Yogacara, Yoga-acara, Yoga-cara, Yogācāra: 8 definitions

Introduction

Yogacara means something in Buddhism, Pali, Hinduism, Sanskrit. If you want to know the exact meaning, history, etymology or English translation of this term then check out the descriptions on this page. Add your comment or reference to a book if you want to contribute to this summary article.

Alternative spellings of this word include Yogachara.

In Buddhism

Mahayana (major branch of Buddhism)

Source: Wisdom Library: Maha Prajnaparamita Sastra

Yogācāra (योगाचार) refers to “practicing the practices” and represents one of the ten Bodhisattva vyavasthānas, according to the Avataṃsaka in the chapter on the bodhisattva-daśavyavasthāna, as mentioned in the 2nd century Mahāprajñāpāramitāśāstra chapter 52. Yogācāra-vyavasthāna is also known as sieou hing. The Sanskrit names of these ten abodes are given by the Gaṇḍhavyūha.

Mahayana book cover
context information

Mahayana (महायान, mahāyāna) is a major branch of Buddhism focusing on the path of a Bodhisattva (spiritual aspirants/ enlightened beings). Extant literature is vast and primarely composed in the Sanskrit language. There are many sūtras of which some of the earliest are the various Prajñāpāramitā sūtras.

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General definition (in Buddhism)

Source: archive.org: The Indian Buddhist Iconography (b)

Yogācāra (योगाचार) refers to one of the schools of philosophy in Buddhism.—[...] Thus there were three Yānas in Buddhism about 300 A.D. which may approximately be taken as the time of Asaṅga. But against these three Yānas there were four schools of philosophy in Buddhism, namely, the Sarvāstivāda (Sautrāntika), the Vāhyārthabhaṅga (Vaibhāṣika), the Vijñānavāda (Yogācāra), and the Śūnyavāda (Madhyamaka). How these four systems of philosophy were distributed amongst the three Yānas is one of the vital questions of Buddhism.

According to the Tattvaratnāvalī of Advayavajra (12th century A. D.):—“three are the Yānas, Śrāvakayāna, Pratyekayāna and Mahāyāna. There are four theories; Vaibhāṣika, Sautrāntika, Yogācāra and Madhyamaka. Śrāvakayāna and Pratyekayāna are explained by the theories of the Vaibhāṣikas. Mahāyāna is of two kinds: Pāramitānaya and Mantranaya. Pāramitānaya is explained by the theories either of Sautrāntika, Yogācāra or Madhyamaka. Mantranaya is explained by the theories of Yogācāra and Madhyamaka only”.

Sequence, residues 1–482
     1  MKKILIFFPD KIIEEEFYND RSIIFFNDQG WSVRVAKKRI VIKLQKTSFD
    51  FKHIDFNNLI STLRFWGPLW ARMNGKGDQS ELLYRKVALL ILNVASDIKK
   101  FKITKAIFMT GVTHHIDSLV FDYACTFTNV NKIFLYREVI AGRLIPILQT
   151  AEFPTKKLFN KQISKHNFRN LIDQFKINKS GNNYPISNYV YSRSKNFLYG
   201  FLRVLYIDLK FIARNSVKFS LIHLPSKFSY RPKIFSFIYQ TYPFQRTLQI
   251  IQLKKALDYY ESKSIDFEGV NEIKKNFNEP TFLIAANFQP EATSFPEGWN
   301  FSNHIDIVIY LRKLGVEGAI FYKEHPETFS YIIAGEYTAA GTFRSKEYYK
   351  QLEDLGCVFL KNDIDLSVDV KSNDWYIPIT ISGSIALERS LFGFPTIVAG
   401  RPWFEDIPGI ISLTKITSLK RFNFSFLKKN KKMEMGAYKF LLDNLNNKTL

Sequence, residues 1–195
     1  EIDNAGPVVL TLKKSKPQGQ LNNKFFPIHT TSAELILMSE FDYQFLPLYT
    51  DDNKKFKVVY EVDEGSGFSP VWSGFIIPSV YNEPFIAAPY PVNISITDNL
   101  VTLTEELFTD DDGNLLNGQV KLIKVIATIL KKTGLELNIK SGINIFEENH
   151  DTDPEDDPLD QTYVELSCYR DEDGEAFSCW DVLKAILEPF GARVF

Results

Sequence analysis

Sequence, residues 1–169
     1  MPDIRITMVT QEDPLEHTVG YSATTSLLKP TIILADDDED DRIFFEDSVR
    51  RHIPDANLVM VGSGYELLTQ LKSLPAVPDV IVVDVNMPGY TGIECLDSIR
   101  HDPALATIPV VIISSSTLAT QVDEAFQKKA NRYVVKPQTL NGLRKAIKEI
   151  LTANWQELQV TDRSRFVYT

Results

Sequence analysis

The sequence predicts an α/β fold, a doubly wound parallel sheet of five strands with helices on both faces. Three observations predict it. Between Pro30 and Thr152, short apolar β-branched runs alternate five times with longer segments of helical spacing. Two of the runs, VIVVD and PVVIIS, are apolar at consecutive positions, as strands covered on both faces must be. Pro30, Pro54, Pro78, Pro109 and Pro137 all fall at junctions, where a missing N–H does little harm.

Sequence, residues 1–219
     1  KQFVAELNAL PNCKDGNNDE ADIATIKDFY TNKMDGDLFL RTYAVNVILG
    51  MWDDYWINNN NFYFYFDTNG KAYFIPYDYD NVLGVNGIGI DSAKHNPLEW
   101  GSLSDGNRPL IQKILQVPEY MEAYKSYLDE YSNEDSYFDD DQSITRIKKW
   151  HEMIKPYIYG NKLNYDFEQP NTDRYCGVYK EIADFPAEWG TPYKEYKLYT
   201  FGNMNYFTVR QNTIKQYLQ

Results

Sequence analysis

Source: Buddhist Door: GlossarySee Dharmalaksana School.

Languages of India and abroad

Sanskrit-English dictionary

Source: DDSA: The practical Sanskrit-English dictionary

Yogācāra (योगाचार).—

1) the practice or observance of Yoga.

2) a follower of that Buddhist school which maintains the eternal existence of intelligence or विज्ञान (vijñāna) alone.

3) An act of fraud or magic; ततोऽनेन योगाचारन्यायेन दूरमाकृष्य (tato'nena yogācāranyāyena dūramākṛṣya) Mv.4.

Derivable forms: yogācāraḥ (योगाचारः).

Yogācāra is a Sanskrit compound consisting of the terms yoga and ācāra (आचार).

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Yogacara (योगचर).—Name of Hanumat.

Derivable forms: yogacaraḥ (योगचरः).

Yogacara is a Sanskrit compound consisting of the terms yoga and cara (चर).

Source: Cologne Digital Sanskrit Dictionaries: Edgerton Buddhist Hybrid Sanskrit Dictionary

Yogācāra (योगाचार).—m., (1) (AMg. jogāyāra; rare in Sanskrit, not in Pali, where yogāvacara seems to correspond), practice of spiritual discipline: Mahāvyutpatti 1638; Śikṣāsamuccaya 55.17 (°cāra-bhūmy- anukūlāni khādanīya-bhojanīyāni); (2) as [bahuvrīhi], = °cārin, one who is characterized by yogācāra (1): °cāro (or read °cārī?) bhikṣur Kāśyapa Parivarta 108.4; (3) name of a samādhi: Kāraṇḍavvūha 83.10; (4) pl., adherents of the Buddhist school of this name; social relations with them cause or constitute backsliding for Bodhisattvas: Mahāvastu i.120.9. Cf. foll. items.

Source: Cologne Digital Sanskrit Dictionaries: Shabda-Sagara Sanskrit-English Dictionary

Yogacara (योगचर).—m.

(-raḥ) A name of Hanumana. E. yoga possession of superhuman powers, cara going, possessing.

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Yogācāra (योगाचार).—m.

(-raḥ) 1. The observance of Yoga. 2. A follower of that Buddhist sect which maintains the external existence of intelligence alone.

Source: Cologne Digital Sanskrit Dictionaries: Aufrecht Catalogus Catalogorum

Yogācāra (योगाचार) as mentioned in Aufrecht’s Catalogus Catalogorum:—Quoted by Mallinātha on Kumārasambhava 3, 45.

Source: Cologne Digital Sanskrit Dictionaries: Monier-Williams Sanskrit-English Dictionary

1) Yogacara (योगचर):—[=yoga-cara] [from yoga] m. Name of Hanumat, [cf. Lexicographers, esp. such as amarasiṃha, halāyudha, hemacandra, etc.]

2) Yogācāra (योगाचार):—[from yoga] m. the observance of the Y°, [Catalogue(s)]

3) [v.s. ...] a [particular] Samādhi, [Kāraṇḍa-vyūha]

4) [v.s. ...] Name of [work]

5) [v.s. ...] = yogin q.v., [cf. Lexicographers, esp. such as amarasiṃha, halāyudha, hemacandra, etc.]

6) [v.s. ...] a follower of a [particular] Buddhist sect or school

7) [v.s. ...] [plural] the disciples of that school, [Buddhist literature etc.]

context information

Sanskrit, also spelled संस्कृतम् (saṃskṛtam), is an ancient language of India commonly seen as the grandmother of the Indo-European language family. Closely allied with Prakrit and Pali, Sanskrit is more exhaustive in both grammar and terms and has the most extensive collection of literature in the world, greatly surpassing its sister-languages Greek and Latin.

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